A small, youth football crowd on the Coeur d’Alene Reservation was laughing.
Pint-size defenders were falling over – some colliding and tripping over their own feet – as they tried to corral an even smaller, slippery running back who turned about a half-dozen would-be tackles into a giggle reel.
The decade-old YouTube video “Jerry Louie-McGee: Watch and be amazed by a sixth-grader” was a vast collection of jukes, cuts and long touchdown runs on an 8-man football field in Plummer, Idaho.
“Still running! Still on his feet,” a play-by-play announcer said as Louie-McGee shimmied like a preadolescent Barry Sanders. “He’s still running!”
These plays continued when Louie-McGee’s family made the 30-mile move north from Worley to Coeur d’Alene, ultimately helping a much larger Lake City High School football program advance to the 5A state semifinals in 2014.
The 5-foot-9, 180-pound University of Montana speedster continues to zigzag around some of the stingiest defenses in the Football Championship Subdivision.
He’s one of the most electrifying players in the Big Sky Conference, and is among the top slot receivers and returners in the country.
“It’s been a blessing. A crazy adventure,” said Louie-McGee, whose 10th-ranked Grizzlies (5-2, 2-1 Big Sky) host rival Eastern Washington (3-4, 2-1) on Saturday. “To go from a walk-on to where I am today is pretty cool.”
Louie-McGee, a fifth-year senior, owns tradition-rich Montana’s school record in career receptions, hauling in 201 passes for 2,078 yards and 11 touchdowns.
“It’s pretty humbling, really,” he said. “There have been so many great receivers before me, like (ex-NFL player) Marc Mariani. I’m not on the same pedestal as those guys. I just came here to be the best, represent my family and some success came my way.”
He’s also been menacing on special teams, averaging 23.4 yards a kick return in his career and 18.6 yards a punt return, including three punts returned for touchdowns. He’s also rushed for a 64-yard touchdown.
Louie-McGee’s shifty, 81-yard punt return touchdown against Northern Iowa in 2016 is also a school record, and among the throngs of highlights that have turned Louie-McGee – commonly known as JLM among Grizzly fans – into a Treasure State favorite.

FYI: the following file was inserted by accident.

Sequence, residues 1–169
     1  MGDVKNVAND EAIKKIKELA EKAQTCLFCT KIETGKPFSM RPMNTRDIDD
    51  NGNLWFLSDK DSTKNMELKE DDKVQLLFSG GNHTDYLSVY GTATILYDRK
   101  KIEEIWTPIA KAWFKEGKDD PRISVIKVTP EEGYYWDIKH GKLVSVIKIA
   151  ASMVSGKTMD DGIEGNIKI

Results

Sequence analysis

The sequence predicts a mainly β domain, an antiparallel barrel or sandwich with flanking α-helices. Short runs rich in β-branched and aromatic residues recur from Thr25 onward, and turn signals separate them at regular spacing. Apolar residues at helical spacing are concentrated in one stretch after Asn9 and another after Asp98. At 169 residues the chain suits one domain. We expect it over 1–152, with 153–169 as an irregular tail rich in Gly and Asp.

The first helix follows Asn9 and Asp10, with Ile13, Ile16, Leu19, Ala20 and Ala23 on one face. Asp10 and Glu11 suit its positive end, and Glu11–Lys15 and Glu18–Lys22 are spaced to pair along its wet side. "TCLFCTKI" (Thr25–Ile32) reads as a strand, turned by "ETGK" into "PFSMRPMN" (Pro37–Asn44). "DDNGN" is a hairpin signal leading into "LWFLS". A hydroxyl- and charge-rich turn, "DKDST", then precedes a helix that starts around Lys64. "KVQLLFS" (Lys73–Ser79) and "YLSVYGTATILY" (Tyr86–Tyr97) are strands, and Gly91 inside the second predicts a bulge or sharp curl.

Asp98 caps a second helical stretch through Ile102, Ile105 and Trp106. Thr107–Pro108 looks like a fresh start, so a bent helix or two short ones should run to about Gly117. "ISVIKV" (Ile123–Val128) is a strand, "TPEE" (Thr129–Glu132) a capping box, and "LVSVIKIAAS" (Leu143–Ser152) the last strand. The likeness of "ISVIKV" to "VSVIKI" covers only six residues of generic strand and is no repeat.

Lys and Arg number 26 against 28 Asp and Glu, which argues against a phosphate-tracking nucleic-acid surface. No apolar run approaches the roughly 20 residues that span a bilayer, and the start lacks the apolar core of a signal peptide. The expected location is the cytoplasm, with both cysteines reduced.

His flip over defenders into the end zone in a 2017 spring scrimmage earned him a spot on SportsCenter’s Top 10.
One of Idaho’s most successful high school football coaches – Van Troxel, who led the Timberwolves to 16 straight playoff appearances before retiring in 2016 – still scratches his head as to how Louie-McGee wasn’t offered a scholarship.
A year after walking on at Montana, Louie-McGee was a finalist for the Jerry Rice Award in 2016, given to the country’s top FCS freshman.
“They weren’t smart enough to give him a scholarship,” said Troxel, a former Montana quarterback whose son, Matt Troxel, has also played and coached for the Grizzlies. “But it ended up all working out.”
Louie-McGee and his brother, former Lake City quarterback Tucker Louie-McGee, were one of the most dangerous offensive combinations in the state.
Troxel, who coached dozens of NCAA Division I scholarship athletes during his lengthy career, dubbed Jerry Louie-McGee one of the top three players in Lake City football history.
“What everyone sees is his innate ability and speed, but what’s made him great is his work ethic,” Troxel said.
But genetics help.
His father, Wade, was an All-American running back at Haskell Indian Nations University in Kansas. His mother, Debbie, played basketball at Haskell.
Their three sons all went on to play college sports, including Tucker, who played football at Idaho State, and Kenny Louie-McGee, a former Lake City basketball standout who played at Wenatchee Valley College.
Jerry Louie-McGee points to his three recent head coaches in his development: Troxel, ex-Montana head coach Bob Stitt and current coach Bobby Hauck.
It was Troxel, he said, who initially helped mold him into a next-level player after running circles around defenders in 8-man football on the reservation.
“He’s awesome,” Louie-McGee said of Troxel. “He was a tough, old-school coach and it really prepared me for here.”
And coaches like Hauck have benefited from that preparation.
“There’s lots of things that are fun about coaching Jerry,” Hauck said. “He’s exciting to watch play. What you all don’t see is how hard he works in the weight room and on the practice field.”
Louie-McGee has also balanced the student-athlete life with fatherhood. His 13-month-old son Zayden was born during the 2018 season.
“He’s the most important thing in my life,” he said. “I love my son.”
Louie-McGee still remains focused on earning his first FCS playoff berth.
The Grizzlies have missed the last three playoffs, but Hauck appears to be righting the ship in his stint in Missoula, the first resulting in three national title game appearances and seven straight league titles.
“We still have a lot to prove,” Louie-McGee said. “We still have to play a lot of good teams. We have our heads down. We’re not looking in the media and taking it one step at a time.
“(Eastern Washington) a good team, with a good quarterback. If we play Montana, physical football and do what I know we can on offense and defense, it should be a good result.”
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